Senior Research Ecologist
Chris is a Senior Research Ecologist in International Research Team where he works on the ecology and conservation of Afro-Palaearctic migratory birds and of forest birds across the world. Projects primarily focus of population changes, habitats and migration strategies of these species.
Interests & Responsibilities
Chris is involved in all aspects of research projects on the status, ecology and conservation of Afro-Palaearctic migratory birds and forest birds across the world. Current and recent projects include tracking the migrations of Common Cuckoos through satellite-based radio telemetry, using geolocators to reconstruct the migrations of individual Common Swifts, Nightingales, and Pied Flycatchers, large-scale field surveys of migratory birds across a broad latitudinal transect from the Sahel to the moist tropical forest in West Africa, detailed studies of the winter ecology on migrants in tropical Africa and assessment of the biodiversity value of forests in western Siberia. Previously he has been involved in large-scale studies monitoring the population trends and habitat use of woodland birds in Britain, as well as smaller studies examining a range of processes thought to affect birds in woodlands, such as nest predation by Grey Squirrels and grazing by deer.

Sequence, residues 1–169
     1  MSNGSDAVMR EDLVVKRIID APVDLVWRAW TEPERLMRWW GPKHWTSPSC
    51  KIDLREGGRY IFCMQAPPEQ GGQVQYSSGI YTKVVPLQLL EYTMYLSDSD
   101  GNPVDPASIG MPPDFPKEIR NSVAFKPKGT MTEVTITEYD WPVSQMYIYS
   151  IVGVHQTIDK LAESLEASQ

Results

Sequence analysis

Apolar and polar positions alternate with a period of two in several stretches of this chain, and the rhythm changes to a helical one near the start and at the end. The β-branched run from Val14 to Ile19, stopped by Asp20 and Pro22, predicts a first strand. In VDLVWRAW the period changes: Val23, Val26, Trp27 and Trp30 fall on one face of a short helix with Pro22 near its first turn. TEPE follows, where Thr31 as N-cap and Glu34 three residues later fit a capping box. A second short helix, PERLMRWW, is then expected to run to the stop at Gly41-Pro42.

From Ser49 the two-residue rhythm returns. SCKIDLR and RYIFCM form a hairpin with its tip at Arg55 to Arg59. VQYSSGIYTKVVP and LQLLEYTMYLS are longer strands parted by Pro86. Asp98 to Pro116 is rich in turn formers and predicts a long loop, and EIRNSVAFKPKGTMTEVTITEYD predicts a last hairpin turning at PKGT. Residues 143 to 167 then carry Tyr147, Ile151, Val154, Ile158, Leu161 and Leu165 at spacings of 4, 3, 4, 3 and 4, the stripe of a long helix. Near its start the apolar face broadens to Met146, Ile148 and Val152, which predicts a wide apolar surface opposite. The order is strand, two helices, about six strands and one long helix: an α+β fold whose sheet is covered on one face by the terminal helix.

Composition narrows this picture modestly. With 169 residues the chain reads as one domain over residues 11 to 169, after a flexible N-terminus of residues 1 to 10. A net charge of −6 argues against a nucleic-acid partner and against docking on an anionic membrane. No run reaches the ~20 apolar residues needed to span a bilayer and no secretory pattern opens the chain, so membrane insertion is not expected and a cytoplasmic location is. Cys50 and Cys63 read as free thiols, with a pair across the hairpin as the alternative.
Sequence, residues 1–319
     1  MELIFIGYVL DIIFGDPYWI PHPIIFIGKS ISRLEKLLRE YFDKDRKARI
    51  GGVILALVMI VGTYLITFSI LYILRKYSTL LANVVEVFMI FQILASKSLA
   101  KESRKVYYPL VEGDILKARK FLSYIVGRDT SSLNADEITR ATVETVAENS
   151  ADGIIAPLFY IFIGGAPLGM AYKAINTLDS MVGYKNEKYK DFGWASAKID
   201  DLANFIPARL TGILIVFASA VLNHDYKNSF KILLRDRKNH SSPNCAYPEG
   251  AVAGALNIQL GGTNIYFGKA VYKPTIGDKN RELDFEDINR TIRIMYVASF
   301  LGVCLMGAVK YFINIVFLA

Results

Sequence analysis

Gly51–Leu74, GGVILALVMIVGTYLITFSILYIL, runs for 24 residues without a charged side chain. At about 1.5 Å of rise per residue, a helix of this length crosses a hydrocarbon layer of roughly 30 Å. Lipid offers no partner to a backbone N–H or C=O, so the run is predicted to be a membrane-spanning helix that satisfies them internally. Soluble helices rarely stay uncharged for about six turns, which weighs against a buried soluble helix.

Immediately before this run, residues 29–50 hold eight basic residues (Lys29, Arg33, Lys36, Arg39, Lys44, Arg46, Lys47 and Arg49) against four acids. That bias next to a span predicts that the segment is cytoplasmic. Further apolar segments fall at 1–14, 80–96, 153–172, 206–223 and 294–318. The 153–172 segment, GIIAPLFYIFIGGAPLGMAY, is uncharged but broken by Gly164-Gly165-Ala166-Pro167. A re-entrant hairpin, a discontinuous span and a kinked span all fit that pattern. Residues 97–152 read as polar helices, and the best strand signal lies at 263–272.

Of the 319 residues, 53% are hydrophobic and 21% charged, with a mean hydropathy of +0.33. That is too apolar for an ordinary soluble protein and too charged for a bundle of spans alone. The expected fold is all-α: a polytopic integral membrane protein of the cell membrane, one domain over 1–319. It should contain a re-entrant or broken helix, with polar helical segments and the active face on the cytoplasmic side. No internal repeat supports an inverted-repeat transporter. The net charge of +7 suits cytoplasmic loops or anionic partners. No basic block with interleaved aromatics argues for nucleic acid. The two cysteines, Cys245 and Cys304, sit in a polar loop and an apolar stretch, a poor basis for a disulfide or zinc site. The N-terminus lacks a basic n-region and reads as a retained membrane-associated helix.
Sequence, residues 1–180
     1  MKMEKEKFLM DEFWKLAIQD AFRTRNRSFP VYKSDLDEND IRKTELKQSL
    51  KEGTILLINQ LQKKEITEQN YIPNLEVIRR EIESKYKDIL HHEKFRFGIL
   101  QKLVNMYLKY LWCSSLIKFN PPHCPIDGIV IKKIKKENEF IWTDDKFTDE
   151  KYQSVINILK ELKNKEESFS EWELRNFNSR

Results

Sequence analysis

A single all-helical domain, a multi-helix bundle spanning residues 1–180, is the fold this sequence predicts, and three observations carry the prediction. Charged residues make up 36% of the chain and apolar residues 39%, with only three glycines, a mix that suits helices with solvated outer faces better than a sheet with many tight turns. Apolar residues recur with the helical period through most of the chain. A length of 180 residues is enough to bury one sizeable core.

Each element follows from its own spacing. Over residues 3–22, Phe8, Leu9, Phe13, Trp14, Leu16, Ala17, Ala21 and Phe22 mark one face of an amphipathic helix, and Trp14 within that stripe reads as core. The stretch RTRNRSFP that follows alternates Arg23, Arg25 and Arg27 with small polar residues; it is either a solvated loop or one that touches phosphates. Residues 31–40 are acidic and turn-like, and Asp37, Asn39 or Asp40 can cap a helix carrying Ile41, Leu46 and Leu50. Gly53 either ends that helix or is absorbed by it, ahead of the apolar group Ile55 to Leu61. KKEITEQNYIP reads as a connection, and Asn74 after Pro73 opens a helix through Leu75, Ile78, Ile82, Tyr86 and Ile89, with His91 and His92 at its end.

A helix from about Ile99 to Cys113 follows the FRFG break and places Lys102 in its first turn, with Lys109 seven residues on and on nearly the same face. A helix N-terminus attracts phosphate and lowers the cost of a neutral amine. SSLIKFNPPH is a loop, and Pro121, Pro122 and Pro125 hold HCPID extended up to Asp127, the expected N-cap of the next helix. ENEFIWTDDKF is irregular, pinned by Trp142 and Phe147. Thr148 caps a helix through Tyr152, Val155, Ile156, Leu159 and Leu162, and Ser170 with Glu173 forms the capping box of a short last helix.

QualificationsBSc (Hons) Geography, Nottingham University, 1989 – 1992 MSc Advanced Ecology, University of Durham, 1993 – 1994 PhD ‘Interactions between resident tits and migratory warblers in an English broadleaved woodland’, Dept. of Zoology, University of Cambridge, 1996 - 2000
Recent BTO Publications
Content Related to Chris Hewson
Combining remote sensing and tracking data to quantify species’ cumulative exposure to anthropogenic change
The results showed that although the actual amount of change had been greatest on the breeding grounds, cumulative exposure to changes in direct mortality risk and climate were highest during the Cuckoos’ autumn migra
West African stopover determines timing of Cuckoo arrival
The authors use 11 years of satellite tracking data from 87 male Cuckoos, tagged at 11 sites across the UK, to examine variation in migratory timing throughout the annual cycle and its potential consequences.